Snow GIS program trains students in technology applicable to many jobs

Snow instructor Kyle Rowley demonstrates the Geographic Information System (GIS) technology he is teaching. The college is awarding its first four GIS certificates at the end of this semester.


Snow GIS program trains students in technology applicable to many jobs


Robert Stevens

Managing editor



EPHRAIM—A new technical certification course at Snow College is teaching students a skill in high demand that can be applied to almost any industry.

Renee Faatz, chair of the Geology Department, oversees the Geographic Information System (GIS) certification program. The first four students to receive the certification are completing the course this semester.

“We wanted to offer a certificate in GIS for our majors who work in natural resources, geology and engineering,” Faatz says.  “Any majors who use spatial information need the skills to present data using GIS.

“Many other majors also use GIS. We also hoped the certificate would allow some in our local community to gain a skill that would help them find employment with local agencies such as the Forest Service, BLM, city governments, etc.”

A GIS is a computer-based system that captures and stores spatial (geographic) data. Once data is entered into the system, the information can be called up and compared with other stored data.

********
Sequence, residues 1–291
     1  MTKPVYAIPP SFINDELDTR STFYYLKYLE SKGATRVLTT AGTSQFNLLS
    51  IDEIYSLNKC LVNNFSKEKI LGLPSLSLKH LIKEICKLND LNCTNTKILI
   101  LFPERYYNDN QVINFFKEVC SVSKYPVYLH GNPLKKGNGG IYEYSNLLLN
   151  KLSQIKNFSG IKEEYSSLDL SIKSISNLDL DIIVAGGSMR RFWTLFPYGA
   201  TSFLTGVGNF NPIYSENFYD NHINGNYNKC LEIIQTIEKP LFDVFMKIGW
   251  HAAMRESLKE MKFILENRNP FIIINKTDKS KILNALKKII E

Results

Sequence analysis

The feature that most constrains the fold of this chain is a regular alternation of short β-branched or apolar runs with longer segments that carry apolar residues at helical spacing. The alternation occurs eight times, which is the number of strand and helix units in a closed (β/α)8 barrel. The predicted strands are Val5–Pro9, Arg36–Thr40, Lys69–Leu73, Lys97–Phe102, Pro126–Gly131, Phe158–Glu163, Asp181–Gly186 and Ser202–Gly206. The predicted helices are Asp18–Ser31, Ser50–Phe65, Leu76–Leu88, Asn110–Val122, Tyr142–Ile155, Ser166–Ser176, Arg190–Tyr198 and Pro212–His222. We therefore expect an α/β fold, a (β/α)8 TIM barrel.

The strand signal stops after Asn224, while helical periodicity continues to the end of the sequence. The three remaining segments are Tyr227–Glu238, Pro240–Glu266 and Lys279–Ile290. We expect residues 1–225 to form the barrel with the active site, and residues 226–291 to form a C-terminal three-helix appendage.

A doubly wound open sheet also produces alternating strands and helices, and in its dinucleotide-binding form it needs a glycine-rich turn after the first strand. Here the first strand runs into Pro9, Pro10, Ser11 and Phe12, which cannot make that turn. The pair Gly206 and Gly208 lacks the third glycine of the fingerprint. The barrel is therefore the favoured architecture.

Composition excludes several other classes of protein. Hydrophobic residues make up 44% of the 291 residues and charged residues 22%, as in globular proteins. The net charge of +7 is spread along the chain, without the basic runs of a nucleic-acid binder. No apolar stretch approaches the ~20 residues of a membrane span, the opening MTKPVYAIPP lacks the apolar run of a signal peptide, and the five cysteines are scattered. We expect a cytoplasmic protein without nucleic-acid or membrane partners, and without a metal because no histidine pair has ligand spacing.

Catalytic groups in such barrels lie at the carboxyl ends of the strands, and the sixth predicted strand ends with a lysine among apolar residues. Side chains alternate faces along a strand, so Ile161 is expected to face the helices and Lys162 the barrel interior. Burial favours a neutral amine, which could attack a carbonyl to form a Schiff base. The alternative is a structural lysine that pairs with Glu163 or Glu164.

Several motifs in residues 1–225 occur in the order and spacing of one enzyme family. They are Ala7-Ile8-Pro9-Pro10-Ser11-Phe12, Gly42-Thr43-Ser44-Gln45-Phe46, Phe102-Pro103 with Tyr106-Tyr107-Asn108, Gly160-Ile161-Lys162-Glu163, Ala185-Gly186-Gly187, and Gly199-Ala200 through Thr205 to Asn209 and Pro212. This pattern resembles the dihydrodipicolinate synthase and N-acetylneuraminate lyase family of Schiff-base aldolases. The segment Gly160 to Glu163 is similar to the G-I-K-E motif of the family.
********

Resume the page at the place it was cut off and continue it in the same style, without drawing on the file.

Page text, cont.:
Rowley says the technology got its start in geology but has a place in nearly any industry. “It’s a way to link data to location,” Rowley says. “It helps us learn things about not only where something is at, but the various attributes at that location.”

Rowley says one application for GIS is to allow health officials track instances of a disease across the population and see the density of its occurrence on a map.

He says cities and towns also use GIS to track water and sewer lines, traffic signs and other municipal properties on a visual map. City workers can gather data through surveys and input it into their GIS data models, giving them a wider and more precise database covering of the components of their city.

“Just about everyone has interacted with GIS systems,” Rowley said. “Google Earth is a good example. Our phones have mapping systems that help us find our way as we drive. The route may change if traffic accidents happen in an area or if it gets congested. Those are just some very common examples of GIS at work.”

The certification program was the brainchild of Snow Dean of Science Dan Black and took two years to develop.

Rowley says the course is structured so it can be completed over one or two years, with classes available in the morning, daytime and night. Some of the classes are available online. He says the school did the best it could to make the program accessible to anyone who wanted to add GIS to his or her career skill set.

Chad Dewey, director of the Snow College Natural Resources major, shared an experience with a GIS student in an email to Fatz.

“I ran into one of the students the other day, and he told me how excited he was to be getting this [GIS] certificate,” Dewey writes. “He already has a four-year degree and couldn’t ever get a job in his field. Now that he is getting this certificate, he says it has opened up so many options and that he values this one-year [GIS] certificate more than his bachelor’s degree.”